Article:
I don't have enough left to help me wing off of them
You can, but I suspect you won't like it very much. Cold Turkey takes 10 to 12 days. You should have discussed quitting with your doctor weeks ago if you knew a final day was coming. In your shoes now, I'd be in a bit of a panic. You really should see your doctor and explain the issue that this has all happened and now you realise you don't have enough medication to taper off with.
I wish you the best of luck.
I answered your question earlier, but what I said must not have been sufficient. You're going to find this out on your own soon enough, but maybe this will help. Do you have enough money to get a script for Clonidine? I realize you probably don't, but I thought I'd ask anyway. If you get either the 100 mg or 175 mg pills, three times daily, break a pill in half and take the half pill.. These tiny pills will take the sharpest edge off of the withdrawal symptoms you're about to go thru.
However, even if you take these pills to help, withdrawal will be hell if you drop from 3 to 4 pills daily down to 1 Tramadol daily. Your brain just can't deal with that big of a cutback in dosage. Do you live in or near a large city that might have a free clinic? If so, you can try to get help from them. Ideally, you'll have the least side effects if you can get one time scripts for Tramadol and Clonidine. This would allow you to reduce by one tramadol at a time and have the benefit of being able to take three doses of Clonidine . Remember, a dose is just one half of a pill.
If all else fails, I would just walk into the doctor's reception room (the doc who prescribed your remaining Tramadol), and in as few words as you can manage, tell the receptionist your problem and ask for their help. Tell them the truth, that you had no idea quitting was going to be very difficult - because if you had known, you would have retained enough pills to wean off of the drug.
I'm assuming you live in the U.S. If so, does your state have a medicaid program for folks who can't afford to see a private practitioner. You also mentioned previusly going into the emergency room of a hospital and asking for help. If you do this and luck out, they may offer even a small amount of help. Accept it and also let them know you have no money, but will try to get a part time job to earn enough to pay them for their help. You can use the same approach with your GP's receptionist if you wish.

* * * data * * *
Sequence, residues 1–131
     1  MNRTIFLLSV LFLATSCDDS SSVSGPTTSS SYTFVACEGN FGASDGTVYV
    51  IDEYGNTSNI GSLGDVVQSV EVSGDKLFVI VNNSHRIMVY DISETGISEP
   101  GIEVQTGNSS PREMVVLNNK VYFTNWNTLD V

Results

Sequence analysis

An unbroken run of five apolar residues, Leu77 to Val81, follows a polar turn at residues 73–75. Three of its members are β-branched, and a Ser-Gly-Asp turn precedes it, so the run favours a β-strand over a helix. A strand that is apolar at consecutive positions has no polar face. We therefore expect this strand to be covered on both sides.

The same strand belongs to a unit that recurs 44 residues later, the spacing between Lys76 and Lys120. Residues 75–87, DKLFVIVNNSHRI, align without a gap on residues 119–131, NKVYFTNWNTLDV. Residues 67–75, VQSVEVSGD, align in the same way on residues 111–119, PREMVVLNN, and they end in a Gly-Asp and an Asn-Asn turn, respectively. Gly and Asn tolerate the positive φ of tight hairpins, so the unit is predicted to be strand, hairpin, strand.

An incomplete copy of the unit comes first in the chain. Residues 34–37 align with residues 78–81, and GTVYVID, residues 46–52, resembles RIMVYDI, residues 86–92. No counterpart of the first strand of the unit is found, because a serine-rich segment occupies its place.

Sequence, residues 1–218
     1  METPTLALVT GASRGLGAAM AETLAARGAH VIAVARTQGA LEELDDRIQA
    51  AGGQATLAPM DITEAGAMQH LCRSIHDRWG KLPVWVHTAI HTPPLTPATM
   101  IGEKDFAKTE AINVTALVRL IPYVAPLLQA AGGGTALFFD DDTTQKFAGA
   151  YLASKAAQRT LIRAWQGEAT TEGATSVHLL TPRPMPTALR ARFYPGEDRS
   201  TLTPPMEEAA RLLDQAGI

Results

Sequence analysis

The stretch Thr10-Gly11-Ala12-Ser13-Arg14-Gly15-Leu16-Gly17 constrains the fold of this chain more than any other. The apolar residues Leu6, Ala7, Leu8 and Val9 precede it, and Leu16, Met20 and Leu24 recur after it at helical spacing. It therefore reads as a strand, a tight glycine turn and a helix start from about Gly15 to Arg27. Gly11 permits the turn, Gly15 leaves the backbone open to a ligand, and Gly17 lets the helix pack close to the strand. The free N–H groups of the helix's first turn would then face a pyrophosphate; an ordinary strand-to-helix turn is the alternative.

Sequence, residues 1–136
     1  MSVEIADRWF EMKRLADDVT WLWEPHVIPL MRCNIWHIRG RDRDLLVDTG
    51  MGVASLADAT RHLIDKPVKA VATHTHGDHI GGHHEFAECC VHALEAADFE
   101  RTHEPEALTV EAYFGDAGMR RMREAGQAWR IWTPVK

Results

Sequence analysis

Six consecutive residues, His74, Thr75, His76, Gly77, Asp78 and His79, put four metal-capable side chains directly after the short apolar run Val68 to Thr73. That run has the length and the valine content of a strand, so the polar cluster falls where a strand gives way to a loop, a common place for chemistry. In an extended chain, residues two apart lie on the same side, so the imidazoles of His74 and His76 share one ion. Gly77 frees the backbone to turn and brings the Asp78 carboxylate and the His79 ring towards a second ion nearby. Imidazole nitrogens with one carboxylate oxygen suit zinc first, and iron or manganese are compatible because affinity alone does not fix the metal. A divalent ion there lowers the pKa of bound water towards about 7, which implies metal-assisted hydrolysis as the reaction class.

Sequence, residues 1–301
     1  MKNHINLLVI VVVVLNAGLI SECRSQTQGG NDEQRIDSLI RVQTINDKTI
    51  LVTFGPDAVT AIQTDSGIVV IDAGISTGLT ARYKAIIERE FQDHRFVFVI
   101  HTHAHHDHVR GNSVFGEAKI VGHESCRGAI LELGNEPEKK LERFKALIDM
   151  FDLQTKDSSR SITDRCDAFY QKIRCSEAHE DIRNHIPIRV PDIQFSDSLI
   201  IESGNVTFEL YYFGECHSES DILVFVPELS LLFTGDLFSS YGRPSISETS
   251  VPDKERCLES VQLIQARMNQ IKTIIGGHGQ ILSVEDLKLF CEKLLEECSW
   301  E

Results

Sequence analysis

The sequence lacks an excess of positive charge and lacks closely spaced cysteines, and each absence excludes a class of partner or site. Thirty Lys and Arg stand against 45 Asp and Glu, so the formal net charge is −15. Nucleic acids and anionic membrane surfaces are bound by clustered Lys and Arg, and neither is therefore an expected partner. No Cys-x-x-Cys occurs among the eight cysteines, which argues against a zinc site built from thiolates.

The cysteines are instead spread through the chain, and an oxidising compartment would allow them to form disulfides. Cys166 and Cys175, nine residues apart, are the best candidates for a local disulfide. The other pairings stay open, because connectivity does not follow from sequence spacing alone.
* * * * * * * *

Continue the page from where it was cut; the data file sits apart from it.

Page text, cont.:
Last comment: You didn't mention whether you're taking fast acting Tramadol or the extended release version where you wait roughly 12 hours to take each pill. I'm guessing you're on fast acting Tramadol because you mentioned taking 3-4 pills daily. Typically with fast acting Tramadol, you'd only take it twice daily - morning and evening. Beginning right now, stretch out the time between taking pills for as long as you feel you can deal with. Ideally, you should cut back one pill at a time, and get reasonably adjusted to the reduced dose, before dropping off another pill.
I hope you get thru the quitting process without too much difficulty. Just thought of one thing: If you go to emergency in a hospital, you might at least get instructions on how to quit with the small number of pills remaining. You might even get a few freebie drugs. If you make that request, try to get both Tramadol and Clonidine pills. And take your current pill container with you. Incidentally, it should state on the pill bottle how to take the pills. If it says "as needed" or something similar, you are not on the timed release version.
- Tramadol Information for Consumers
- Tramadol Information for Healthcare Professionals (includes dosage details)
- Side Effects of Tramadol (detailed)
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